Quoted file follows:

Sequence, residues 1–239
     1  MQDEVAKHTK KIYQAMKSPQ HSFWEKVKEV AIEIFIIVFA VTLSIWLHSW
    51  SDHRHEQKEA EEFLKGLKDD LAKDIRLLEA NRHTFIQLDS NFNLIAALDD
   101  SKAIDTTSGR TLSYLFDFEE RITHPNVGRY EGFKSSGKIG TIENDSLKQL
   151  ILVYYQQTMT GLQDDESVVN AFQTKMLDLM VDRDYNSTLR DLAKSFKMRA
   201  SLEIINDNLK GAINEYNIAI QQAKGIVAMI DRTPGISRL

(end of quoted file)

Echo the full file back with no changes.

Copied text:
Sequence, residues 1–239
     1  MQDEVAKHTK KIYQAMKSPQ HSFWEKVKEV AIEIFIIVFA VTLSIWLHSW
    51  SDHRHEQKEA EEFLKGLKDD LAKDIRLLEA NRHTFIQLDS NFNLIAALDD
   101  SKAIDTTSGR TLSYLFDFEE RITHPNVGRY EGFKSSGKIG TIENDSLKQL
   151  ILVYYQQTMT GLQDDESVVN AFQTKMLDLM VDRDYNSTLR DLAKSFKMRA
   201  SLEIINDNLK GAINEYNIAI QQAKGIVAMI DRTPGISRL